Personally, I want to know as much as I can about any product I’m sticking in my mouth. Picture me as that annoying grocery store customer holding that box or bottle way too close to my face, inspecting the nutritional and serving facts, blocking the way to the rest of your busy life. Most food and beverages you buy in a store are required by law to describe ingredient and serving information. The Food and Drug Administration (FDA) regulates most consumer food and beverages and requires such descriptive labeling, yet alcohol is regulated by the Treasury’s Alcohol and Tobacco Tax and Trade Bureau (TTB), formerly the Bureau of Alcohol, Tobacco and Firearms, and that includes approving labels. The TTB hasn’t mandated those ingredient labels, but there has been some pushing from a variety of groups.
Way back in 2013, the TTB politely announced brewers could start labeling and advertising products with ingredient information, if they wanted to. The TTB even has a nice Frequently Asked Questions section on the optional Alcohol Facts Statements for alcohol and beer labels. The U.S. Food and Drug Administration published a Nutrition Facts Label Industry Resources web page to help businesses comply with requirements. The Beer Institute, which is a beer maker trade association that includes all brewers, not just craft, wants brewers to voluntarily disclose information about their beer — product ingredients, alcohol by volume and freshness. It’s called the Brewers’ Voluntary Disclosure Initiative, and the Beer Institute has released three videos to help convince you. The major beer makers agreed in 2016 to voluntarily disclose ingredients facts on their products by 2020.
In 2014, MillerCoors led all alcohol companies by voluntarily placing a nutritional label on its Miller64 brand and other brands have followed.
I can understand some hesitancy from craft brewers — like the cost of finding these ingredient numbers, the challenge of doing that with so many seasonal brands, getting labels re-approved and showcasing high calorie counts to customers. I can also imagine why some might think those giant transnational beer companies supporting this (like AB InBev and Heineken) might very well want this type of information provided because they feel it gives them an advantage. It will be a cost burden for small breweries and a good majority of these global brands are low calorie and low ABV options, compared to craft beer options.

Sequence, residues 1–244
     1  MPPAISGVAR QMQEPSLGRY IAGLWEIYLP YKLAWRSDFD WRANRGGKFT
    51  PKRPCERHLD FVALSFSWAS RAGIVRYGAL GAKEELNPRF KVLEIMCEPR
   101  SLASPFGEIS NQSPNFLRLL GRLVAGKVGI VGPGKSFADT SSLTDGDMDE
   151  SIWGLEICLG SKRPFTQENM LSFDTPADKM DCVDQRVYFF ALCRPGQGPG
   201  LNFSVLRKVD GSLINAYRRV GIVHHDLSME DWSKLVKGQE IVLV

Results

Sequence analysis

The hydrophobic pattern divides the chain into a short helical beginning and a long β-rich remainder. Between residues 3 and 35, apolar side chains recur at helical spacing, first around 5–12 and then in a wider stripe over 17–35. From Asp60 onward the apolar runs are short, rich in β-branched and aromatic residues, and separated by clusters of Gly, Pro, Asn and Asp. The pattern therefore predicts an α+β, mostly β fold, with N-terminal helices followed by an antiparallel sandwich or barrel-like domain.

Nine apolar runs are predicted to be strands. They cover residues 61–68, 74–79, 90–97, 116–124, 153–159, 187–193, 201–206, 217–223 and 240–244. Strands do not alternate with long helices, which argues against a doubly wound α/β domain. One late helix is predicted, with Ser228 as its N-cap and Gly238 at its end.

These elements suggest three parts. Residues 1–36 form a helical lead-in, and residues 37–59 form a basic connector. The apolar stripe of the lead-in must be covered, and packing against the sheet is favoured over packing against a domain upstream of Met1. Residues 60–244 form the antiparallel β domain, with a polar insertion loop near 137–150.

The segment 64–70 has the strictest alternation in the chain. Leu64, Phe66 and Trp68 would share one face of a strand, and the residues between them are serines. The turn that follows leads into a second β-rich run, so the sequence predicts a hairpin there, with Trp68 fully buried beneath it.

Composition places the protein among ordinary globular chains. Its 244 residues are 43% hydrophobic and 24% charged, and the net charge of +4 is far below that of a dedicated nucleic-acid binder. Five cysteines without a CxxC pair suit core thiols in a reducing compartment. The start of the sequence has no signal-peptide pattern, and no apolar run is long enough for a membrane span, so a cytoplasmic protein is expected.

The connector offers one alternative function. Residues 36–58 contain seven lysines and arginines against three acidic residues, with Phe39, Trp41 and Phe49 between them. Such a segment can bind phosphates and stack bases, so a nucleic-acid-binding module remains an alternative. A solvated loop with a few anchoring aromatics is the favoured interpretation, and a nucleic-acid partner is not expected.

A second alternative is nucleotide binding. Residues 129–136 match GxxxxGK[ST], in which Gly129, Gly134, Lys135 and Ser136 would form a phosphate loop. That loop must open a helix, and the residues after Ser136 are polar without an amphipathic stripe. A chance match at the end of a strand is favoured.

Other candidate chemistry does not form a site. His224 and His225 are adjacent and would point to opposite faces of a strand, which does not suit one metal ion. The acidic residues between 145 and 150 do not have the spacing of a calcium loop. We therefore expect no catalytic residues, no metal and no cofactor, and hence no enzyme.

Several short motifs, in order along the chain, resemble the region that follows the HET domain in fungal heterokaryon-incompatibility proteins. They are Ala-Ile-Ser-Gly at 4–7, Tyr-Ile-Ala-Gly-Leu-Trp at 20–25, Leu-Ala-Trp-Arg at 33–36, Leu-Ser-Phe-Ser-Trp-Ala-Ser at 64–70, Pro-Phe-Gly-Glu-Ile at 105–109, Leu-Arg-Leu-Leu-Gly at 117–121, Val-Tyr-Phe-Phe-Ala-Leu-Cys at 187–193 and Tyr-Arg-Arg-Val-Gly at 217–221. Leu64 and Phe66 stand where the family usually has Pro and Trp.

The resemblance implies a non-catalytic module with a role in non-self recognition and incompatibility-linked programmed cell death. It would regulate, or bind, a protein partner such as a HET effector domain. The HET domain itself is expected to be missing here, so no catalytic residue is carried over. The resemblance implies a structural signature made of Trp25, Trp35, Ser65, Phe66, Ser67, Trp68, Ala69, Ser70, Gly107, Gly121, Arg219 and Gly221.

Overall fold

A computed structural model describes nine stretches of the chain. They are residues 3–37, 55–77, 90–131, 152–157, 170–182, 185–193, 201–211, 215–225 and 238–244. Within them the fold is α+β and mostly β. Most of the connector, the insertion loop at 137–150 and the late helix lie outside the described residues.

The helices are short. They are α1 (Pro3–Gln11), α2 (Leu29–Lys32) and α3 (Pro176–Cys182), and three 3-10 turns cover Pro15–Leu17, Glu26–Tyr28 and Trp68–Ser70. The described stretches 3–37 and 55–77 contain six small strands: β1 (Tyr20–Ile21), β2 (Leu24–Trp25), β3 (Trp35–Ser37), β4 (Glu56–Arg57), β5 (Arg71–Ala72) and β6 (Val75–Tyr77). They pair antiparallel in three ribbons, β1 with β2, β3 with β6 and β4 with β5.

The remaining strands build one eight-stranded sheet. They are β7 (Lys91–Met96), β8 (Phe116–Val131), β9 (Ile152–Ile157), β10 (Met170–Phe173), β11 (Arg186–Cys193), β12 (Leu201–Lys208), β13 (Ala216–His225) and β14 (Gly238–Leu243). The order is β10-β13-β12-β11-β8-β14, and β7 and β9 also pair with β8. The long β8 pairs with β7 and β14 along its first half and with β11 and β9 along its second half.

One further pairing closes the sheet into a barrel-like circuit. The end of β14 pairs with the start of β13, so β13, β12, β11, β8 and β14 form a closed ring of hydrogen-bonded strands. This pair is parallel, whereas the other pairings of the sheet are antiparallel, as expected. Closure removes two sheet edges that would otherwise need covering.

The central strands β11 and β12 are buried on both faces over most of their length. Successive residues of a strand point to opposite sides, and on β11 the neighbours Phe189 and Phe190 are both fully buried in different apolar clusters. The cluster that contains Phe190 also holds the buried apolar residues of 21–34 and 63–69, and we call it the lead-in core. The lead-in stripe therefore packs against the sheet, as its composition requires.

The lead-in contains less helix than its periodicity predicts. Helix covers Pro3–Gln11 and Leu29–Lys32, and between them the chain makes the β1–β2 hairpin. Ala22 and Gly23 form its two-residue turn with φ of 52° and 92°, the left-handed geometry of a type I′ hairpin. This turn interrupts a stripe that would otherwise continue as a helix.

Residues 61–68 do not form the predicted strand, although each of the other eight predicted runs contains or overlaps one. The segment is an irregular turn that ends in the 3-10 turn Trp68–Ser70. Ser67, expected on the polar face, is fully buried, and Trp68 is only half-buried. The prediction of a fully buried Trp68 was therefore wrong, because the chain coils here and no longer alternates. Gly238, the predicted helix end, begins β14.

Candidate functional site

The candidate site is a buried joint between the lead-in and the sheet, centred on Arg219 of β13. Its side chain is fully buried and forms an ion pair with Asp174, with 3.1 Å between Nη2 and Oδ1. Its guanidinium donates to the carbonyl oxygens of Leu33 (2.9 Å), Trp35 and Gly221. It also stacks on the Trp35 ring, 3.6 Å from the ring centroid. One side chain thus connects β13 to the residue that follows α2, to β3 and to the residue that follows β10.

- Last week, Bud Light announced it would be the first brand to include some ingredient and serving facts in the United States with new secondary packaging that will hit stores in February. Behold.
From the press release:
“While ingredient labels are not required, consumers deserve to know more about their beer. We brew Bud Light with the finest ingredients and we’re happy to proudly display them on our packaging,” said Andy Goeler, VP of Marketing, Bud Light. “When people walk through a store, they are used to seeing ingredient labels on products in every aisle, except for the beer, wine and spirits aisle. As the lead brand in the category, we believe increasing on-pack transparency will benefit the entire beer category and provide our consumers with the information they expect to see.”
In addition to listing the ingredients, Bud Light’s packaging will also include: serving size, calories, total fat, saturated fat, trans fat, carbohydrates, sugars and protein.
I reached out to the Brewers Association to get its opinion on the subject. We’ll update this article once we hear back from them. But I like ingredient stats on the things I buy and eat, so I would be interested in seeing some craft brewers experiment with what it takes to provide serving info on their brands and share that with their customers.